April 14

GUEST CURATOR: Zachary Karpowich

What was advertised in a colonial American newspaper 250 years ago today?

Apr 14 - 4:14:1768 Pennsylvania Gazette
Pennsylvania Gazette (April 14, 1768).

“Among all the WRITERS in favour of the COLONIES, the FARMER shines unrivaled for strength of argument, elegance of diction, knowledge in the laws of Great Britain and the true interest of the COLONIES.”

In the April 14, 1768, edition of the Pennsylvania Gazette David Hall and William Sellers published an advertisement for a pamphlet containing a popular and widely read set of letters written by John Dickinson, a lawyer and legislator from Pennsylvania. They are titled “LETTERS from a FARMER in Pennsylvania, to the INHABITANTS of the BRITISH COLONIES.” According to the introductory notes in the “Online Library of Liberty” compiled by the Liberty Fund, Dickinson penned them under the name of “A Farmer” due to the fact that they were quite controversial. In these letters, he spoke out against the British Parliament and discussed the sovereignty of the thirteen colonies. The “Letters” famously helped unite the colonists against the Townshend Acts. These acts were passed largely in response to the failure of the Stamp Act. Dickinson argues in his letters that the taxes laid upon the people with these laws were for the sole purpose of gaining revenue from the colonies. Parliament was not trying to regulate trade or the market. This meant that they were illegal and should not have been passed. This pamphlet was meant to collect all of the “Letters” to help spread Dickinson’s arguments, showing that there was already growing discontent in the colonies in the late 1760s.



Hall and Sellers did not merely make an announcement that they had “Just published” a pamphlet that collected together all twelve of John Dickinson’s “LETTERS from a FARMER in Pennsylvania, to the INHABITANTS of the BRITISH COLONIES.”  Not unlike modern publishers, their marketing efforts included a testimonial that described the significance of the title they offered for sale. Indeed, they devoted nearly half of the space in their advertisement to an endorsement reprinted from the Boston Chronicle.  In so doing, Hall and Sellers advised potential customers that “Among all the WRITERS in favour of the COLONIES, the FARMER shines unrivalled for strength of argument, elegance of diction, knowledge in thelawsof Great-Britain, and the true interest of the COLONIES.”  Colonists unfamiliar with the “Letters” were encouraged to purchase the pamphlet and read them.  Colonists who had already read them as they appeared in newspapers were encouraged to acquire the pamphlet and continue referring to the wisdom provided by “such an able adviser, and affectionate friend.”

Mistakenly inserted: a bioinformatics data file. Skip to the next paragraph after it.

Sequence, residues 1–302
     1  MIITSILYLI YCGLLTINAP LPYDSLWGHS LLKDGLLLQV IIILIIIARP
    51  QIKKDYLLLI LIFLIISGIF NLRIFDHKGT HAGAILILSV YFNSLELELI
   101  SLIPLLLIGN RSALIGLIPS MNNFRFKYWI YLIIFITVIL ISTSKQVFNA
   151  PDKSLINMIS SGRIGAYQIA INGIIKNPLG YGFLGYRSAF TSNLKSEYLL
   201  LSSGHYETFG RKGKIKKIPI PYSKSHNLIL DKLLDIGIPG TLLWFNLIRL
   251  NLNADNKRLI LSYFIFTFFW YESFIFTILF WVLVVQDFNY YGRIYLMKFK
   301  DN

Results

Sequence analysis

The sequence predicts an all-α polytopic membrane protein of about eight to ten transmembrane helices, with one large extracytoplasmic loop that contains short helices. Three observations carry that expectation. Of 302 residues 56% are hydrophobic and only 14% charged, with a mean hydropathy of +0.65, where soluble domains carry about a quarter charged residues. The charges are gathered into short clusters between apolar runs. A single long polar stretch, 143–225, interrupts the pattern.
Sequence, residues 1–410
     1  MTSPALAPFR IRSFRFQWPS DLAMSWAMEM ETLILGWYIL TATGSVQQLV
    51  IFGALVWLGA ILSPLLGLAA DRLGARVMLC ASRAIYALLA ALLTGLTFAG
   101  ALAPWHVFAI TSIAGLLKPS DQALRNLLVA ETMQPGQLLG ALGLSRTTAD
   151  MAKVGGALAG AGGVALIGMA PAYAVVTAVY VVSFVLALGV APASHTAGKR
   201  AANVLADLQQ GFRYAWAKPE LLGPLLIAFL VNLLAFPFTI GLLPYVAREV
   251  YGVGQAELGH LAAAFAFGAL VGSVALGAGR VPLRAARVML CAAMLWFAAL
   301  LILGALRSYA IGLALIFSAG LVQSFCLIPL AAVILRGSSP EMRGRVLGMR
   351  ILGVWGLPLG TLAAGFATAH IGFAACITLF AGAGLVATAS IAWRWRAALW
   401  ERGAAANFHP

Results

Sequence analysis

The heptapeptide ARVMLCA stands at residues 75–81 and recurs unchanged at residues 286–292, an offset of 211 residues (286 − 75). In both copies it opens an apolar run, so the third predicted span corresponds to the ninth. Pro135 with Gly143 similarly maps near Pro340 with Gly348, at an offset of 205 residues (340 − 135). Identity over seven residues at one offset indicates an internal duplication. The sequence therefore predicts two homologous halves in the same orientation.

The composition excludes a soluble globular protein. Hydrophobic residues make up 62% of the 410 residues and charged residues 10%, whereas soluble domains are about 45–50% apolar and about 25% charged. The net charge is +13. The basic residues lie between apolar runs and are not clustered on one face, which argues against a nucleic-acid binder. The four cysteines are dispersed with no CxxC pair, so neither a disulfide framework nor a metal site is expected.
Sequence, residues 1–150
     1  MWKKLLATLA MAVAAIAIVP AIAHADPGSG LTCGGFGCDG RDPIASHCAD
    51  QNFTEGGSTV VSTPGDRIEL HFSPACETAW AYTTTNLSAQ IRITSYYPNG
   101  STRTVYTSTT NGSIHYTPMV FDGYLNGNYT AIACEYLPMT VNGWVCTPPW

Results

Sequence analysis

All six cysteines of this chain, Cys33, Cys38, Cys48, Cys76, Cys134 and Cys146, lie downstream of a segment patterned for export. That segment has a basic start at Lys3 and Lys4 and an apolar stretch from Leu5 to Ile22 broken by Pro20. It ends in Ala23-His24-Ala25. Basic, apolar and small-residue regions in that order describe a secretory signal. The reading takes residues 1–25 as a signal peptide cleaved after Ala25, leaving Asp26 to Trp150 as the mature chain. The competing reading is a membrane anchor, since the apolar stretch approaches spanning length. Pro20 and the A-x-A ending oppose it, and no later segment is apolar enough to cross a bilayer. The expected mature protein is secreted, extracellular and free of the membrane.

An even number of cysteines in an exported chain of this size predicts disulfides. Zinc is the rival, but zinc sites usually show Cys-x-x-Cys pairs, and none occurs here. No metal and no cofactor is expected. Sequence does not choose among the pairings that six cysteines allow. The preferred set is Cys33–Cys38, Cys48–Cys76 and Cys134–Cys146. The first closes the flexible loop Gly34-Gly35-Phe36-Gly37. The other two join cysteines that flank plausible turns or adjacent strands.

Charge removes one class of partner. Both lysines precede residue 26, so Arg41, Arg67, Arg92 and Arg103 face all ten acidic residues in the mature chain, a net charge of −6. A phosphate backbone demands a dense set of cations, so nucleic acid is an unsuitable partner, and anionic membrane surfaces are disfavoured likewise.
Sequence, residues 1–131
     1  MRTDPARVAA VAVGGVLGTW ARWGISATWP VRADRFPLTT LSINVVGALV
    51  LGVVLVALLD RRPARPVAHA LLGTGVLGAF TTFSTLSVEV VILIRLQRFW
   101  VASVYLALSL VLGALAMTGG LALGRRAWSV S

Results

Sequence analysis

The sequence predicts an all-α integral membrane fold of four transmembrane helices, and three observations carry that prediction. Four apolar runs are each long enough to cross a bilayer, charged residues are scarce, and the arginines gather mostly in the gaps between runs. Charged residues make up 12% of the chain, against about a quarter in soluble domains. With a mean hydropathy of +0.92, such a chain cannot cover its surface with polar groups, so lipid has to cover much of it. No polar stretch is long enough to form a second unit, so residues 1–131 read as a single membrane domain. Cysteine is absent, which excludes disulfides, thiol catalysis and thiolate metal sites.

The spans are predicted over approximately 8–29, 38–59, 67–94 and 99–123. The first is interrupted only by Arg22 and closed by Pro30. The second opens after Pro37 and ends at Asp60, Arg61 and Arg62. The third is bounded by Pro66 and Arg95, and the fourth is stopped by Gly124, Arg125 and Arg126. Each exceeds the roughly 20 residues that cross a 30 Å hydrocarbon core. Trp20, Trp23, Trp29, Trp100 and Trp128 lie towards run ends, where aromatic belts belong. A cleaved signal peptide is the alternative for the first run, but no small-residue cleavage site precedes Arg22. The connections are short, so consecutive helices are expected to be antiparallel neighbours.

The testimonial from the Boston Chronicle also indicated that the “Letters” “have been printed in every Colony, from Florida to Nova-Scotia.”  For several months in late 1767 and early 1768, printers up and down the Atlantic coast reprinted this series of twelve essays.  For some this meant an essay a week over the course of three months, but others published supplementary issues that sped up publication of the “Letters” as they simultaneously disseminated other news and advertising.  Not all newspapers had finished the project at the time Hall and Sellers published the pamphlet that collected all of the “Letters” together.  The day before their advertisement appeared in the Pennsylvania Gazette, James Johnston published “LETTER X” in the Georgia Gazette.  Once the pamphlet was ready for sale, printer-booksellers in several colonies began promoting it in their own newspapers.  A network of printers participated in distributing Dickinson’s “Letters” twice, first as editorial content in newspapers and then as pamphlets that conveniently collected the essays into a single volume.  As Zach notes, Dickinson’s reasoned arguments aided in uniting many colonists in opposition to abuses committed by Parliament, but the dissemination of his work depended on the active involvement of colonial printers.